• Product quality is controlled and monitored more easily at a precast production facility (with in-house testing labs) than in the field.
• In a precast plant environment, it is easier to control the concrete mix and ambient conditions for placement and curing.
• Precast plant process controls guarantee concrete strength and durability of the final product.
• Precasters offer clients cost savings, because plants order materials for multiple projects and one-time bulk-purchase costs are minimized.
• Severe weather is eliminated as a controlling factor for concrete quality, because precasters can cast product indoors for consistently high material quality.
• On-site, modular precast components can be installed rapidly without the delay required for CIP concrete to cure and gain adequate strength.
• Accelerated curing techniques in the precast facility mean a shorter project timetable between manufacturing and building erection.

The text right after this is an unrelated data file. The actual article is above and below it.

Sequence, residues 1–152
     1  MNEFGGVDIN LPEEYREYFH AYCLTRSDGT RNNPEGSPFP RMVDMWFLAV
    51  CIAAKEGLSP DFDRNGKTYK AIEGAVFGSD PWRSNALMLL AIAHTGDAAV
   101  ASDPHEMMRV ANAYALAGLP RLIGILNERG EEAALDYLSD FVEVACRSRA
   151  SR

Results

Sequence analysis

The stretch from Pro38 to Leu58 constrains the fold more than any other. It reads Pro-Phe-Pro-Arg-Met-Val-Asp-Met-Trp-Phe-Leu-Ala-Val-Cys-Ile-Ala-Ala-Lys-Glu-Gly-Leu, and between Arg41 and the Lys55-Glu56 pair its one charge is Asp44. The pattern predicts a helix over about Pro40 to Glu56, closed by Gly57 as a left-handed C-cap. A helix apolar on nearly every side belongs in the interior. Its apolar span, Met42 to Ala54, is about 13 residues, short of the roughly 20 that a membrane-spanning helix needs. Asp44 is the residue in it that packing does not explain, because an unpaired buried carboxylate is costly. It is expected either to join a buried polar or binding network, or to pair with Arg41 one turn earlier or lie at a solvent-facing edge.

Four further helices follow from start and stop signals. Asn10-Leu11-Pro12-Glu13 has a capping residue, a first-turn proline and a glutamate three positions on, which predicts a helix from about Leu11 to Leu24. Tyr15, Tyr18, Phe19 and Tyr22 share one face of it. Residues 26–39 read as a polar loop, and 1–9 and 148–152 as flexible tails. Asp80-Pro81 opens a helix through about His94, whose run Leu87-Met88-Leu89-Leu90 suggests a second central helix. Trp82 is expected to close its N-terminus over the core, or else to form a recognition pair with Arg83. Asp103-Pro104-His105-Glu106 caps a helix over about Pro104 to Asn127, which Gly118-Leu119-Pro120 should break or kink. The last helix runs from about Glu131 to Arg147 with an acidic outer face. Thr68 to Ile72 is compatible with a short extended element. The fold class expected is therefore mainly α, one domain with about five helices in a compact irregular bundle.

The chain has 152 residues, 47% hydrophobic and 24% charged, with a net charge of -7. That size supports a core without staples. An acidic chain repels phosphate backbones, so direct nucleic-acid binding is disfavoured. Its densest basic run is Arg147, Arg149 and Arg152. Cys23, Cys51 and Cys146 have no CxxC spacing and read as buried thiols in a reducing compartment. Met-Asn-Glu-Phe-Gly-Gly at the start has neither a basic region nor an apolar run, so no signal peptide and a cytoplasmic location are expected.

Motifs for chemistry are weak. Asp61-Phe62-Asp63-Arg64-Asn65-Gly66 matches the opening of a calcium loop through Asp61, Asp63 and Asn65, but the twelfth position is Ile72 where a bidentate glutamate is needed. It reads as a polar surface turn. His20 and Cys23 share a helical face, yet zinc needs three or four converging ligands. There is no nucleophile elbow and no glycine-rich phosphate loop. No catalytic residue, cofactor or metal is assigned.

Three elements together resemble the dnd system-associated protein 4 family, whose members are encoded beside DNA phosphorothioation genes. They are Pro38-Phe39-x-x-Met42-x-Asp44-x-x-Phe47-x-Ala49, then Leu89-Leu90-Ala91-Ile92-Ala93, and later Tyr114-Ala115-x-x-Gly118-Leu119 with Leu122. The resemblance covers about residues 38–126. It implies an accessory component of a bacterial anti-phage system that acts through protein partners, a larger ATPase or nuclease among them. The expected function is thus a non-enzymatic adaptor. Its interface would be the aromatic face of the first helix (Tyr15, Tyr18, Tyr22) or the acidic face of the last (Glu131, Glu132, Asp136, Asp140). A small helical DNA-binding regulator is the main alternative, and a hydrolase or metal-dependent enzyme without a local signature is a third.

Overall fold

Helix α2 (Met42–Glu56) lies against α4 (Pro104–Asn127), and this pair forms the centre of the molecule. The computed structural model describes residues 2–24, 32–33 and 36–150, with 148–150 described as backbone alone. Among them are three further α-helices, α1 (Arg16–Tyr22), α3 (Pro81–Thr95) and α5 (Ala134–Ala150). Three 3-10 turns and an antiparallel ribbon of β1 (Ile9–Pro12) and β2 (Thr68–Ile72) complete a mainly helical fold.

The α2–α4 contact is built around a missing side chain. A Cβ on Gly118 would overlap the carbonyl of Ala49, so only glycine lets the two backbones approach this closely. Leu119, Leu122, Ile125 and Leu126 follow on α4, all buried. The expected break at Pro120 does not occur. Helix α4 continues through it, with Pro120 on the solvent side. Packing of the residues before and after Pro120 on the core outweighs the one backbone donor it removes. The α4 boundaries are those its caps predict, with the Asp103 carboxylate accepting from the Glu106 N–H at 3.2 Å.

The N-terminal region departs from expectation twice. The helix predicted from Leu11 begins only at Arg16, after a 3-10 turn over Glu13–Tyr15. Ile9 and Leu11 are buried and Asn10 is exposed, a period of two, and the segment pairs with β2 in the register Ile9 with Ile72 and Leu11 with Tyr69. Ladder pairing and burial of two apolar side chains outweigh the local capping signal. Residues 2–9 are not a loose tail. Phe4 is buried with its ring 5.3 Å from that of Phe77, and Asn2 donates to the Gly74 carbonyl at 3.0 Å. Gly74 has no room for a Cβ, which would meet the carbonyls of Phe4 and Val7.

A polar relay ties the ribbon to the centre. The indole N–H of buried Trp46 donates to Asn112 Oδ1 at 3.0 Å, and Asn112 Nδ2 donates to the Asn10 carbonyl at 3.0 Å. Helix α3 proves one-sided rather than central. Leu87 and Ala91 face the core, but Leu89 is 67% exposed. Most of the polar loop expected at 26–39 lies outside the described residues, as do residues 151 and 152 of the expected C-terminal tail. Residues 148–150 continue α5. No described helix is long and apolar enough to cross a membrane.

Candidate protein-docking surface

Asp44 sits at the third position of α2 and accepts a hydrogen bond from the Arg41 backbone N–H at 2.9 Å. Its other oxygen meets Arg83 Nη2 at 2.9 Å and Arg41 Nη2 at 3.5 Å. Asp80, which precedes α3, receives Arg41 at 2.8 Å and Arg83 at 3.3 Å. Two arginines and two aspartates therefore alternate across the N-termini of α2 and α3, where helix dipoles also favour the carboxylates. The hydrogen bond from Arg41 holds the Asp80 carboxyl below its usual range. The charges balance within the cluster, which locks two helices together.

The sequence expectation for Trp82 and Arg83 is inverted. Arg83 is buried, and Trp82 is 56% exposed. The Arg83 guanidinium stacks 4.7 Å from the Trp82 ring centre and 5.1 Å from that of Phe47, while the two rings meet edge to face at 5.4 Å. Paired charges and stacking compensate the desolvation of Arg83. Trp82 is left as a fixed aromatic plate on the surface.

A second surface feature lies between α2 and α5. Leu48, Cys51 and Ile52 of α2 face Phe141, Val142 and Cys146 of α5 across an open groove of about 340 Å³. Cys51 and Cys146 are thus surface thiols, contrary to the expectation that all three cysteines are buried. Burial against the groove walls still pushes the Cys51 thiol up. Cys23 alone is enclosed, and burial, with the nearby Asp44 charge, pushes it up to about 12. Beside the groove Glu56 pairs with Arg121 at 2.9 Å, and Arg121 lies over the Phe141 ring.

“If the Solhaus Apartments were built as a CIP structure, the extremely cold weather would have not only delayed construction,” said Seubert, “but the project would have come to a standstill.”
Once production started, it took County Materials 10 working days to manufacture the required product and only one week to erect the entire lower level. The building’s unusual triangular geometry presented many intricate angles for construction. “Complex geometry can substantially increase completion time and cost on any project,” explained Seubert, “but because the precast pieces are made to specific dimensions in a controlled environment, they fit together like a complicated puzzle. On-site costs are reduced, and the structure can be erected rapidly in one seamless result.”